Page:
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Diversity provides stability among animals in the wild

Study on moths explains why insect pests only occur in some years

Date:
August 13, 2015
Source:
Helmholtz Centre For Environmental Research - UFZ
Summary:
Why some species of plants and animals vary more in number than others is a central issue in ecology. Now researchers have found an important finding to answer this question: Individual differences have a positive and stabilizing effect on the number of moths. Species with varying color drawing are generally more numerous and fluctuate less in number from year to year. This could help to explain why some insect species in some years are very abundant pests and cause substantial damage in agriculture and forestry.
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The Red Underwing (Catocala nupta) - on rotten fruit sucking. The moths was named after its distinctive red color. In the study this species showed no variability. That means, the population fluctuated stronger than species with high variability in color and drawing.
Credit: Martin Wiemers/ UFZ

Why some species of plants and animals vary more in number than others is a central issue in ecology. Now researchers at Linnaeus University in Sweden and from the Helmholtz Centre for Environmental Research (UFZ) have found an important finding to answer this question: Individual differences have a positive and stabilizing effect on the number of moths. Species with varying colour drawing are generally more numerous and fluctuate less in number from year to year. The results were recently published in the journal Proceedings of the Royal Society B. This could help to explain why some insect species in some years are very abundant pests and cause substantial damage in agriculture and forestry.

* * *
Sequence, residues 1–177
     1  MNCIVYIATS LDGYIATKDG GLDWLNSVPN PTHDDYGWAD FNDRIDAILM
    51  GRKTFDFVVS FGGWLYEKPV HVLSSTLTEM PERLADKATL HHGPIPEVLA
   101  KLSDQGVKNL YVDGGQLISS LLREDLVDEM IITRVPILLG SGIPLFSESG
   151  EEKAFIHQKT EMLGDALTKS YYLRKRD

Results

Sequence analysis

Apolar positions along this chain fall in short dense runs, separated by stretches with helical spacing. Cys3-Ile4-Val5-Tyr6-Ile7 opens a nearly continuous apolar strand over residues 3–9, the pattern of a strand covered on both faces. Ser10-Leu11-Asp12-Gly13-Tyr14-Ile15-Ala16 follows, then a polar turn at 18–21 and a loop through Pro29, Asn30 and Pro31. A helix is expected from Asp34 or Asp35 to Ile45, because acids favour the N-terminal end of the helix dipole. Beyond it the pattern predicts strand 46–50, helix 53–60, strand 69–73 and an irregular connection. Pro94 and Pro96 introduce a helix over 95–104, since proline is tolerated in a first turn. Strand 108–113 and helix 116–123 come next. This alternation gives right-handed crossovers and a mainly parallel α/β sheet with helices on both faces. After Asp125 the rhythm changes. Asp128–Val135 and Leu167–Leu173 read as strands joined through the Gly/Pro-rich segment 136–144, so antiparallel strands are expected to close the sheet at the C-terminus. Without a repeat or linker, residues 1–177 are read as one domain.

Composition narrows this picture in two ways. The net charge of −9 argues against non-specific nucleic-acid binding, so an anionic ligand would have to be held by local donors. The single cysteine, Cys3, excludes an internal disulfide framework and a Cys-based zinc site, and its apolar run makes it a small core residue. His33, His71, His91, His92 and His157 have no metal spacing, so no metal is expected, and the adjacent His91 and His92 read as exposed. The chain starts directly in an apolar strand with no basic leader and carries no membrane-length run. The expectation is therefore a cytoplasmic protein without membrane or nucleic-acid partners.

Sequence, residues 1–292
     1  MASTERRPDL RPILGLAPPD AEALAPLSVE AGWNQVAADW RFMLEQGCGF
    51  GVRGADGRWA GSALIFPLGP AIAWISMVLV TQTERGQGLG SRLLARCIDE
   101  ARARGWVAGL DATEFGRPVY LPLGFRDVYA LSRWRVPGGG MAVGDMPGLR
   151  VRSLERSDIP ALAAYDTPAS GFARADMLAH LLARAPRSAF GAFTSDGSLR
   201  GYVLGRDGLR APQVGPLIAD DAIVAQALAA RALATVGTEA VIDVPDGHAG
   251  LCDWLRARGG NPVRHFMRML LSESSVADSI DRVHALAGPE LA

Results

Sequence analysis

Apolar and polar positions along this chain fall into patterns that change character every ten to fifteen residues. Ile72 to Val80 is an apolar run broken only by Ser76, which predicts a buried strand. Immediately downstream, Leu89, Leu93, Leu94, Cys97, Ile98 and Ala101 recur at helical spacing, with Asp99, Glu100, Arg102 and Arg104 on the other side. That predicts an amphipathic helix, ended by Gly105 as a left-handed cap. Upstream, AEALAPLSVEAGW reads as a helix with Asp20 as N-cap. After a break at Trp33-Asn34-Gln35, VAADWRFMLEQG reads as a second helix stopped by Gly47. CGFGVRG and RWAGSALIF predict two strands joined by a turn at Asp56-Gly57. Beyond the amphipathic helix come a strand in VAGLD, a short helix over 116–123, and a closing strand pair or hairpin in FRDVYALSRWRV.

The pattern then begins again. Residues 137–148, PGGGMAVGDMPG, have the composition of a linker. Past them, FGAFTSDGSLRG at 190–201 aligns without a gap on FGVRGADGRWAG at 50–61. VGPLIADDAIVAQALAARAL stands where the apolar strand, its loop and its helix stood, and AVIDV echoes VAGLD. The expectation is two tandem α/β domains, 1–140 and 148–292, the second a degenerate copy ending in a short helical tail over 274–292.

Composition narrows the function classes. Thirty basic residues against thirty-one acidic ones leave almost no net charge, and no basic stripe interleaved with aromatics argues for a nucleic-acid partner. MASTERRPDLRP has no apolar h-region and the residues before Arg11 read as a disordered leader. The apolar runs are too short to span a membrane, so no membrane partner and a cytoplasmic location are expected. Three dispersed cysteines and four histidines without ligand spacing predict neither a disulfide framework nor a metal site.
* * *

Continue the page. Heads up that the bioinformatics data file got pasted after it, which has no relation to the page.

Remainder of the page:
Moths are a species-rich group of insects that occur in different habitats. The nocturnal moths play an important role as pollinators. Adult moths lay their eggs on plants that the caterpillars feed on during their upbringing. Both the larvae and the fully formed moths are an important food resource for birds and bats. Some species are causing major damage to crops and trees in farming and forestry. It has long been known that the presence of some night butterfly species varies greatly from year to year, but why some species fluctuate and others are stable has been shrouded in mystery.

A research team led by Professor Anders Forsman at Linnaeus University has highlighted the issue through over a period of 11 years collecting moths at a site in southern Sweden with a light trap. The 115,000 individuals are representing 246 different species of moths. The researchers counted how many butterflies of each species they captured in the different years. Then divided the species into three different groups depending on how much colour artwork varies between individuals within each species.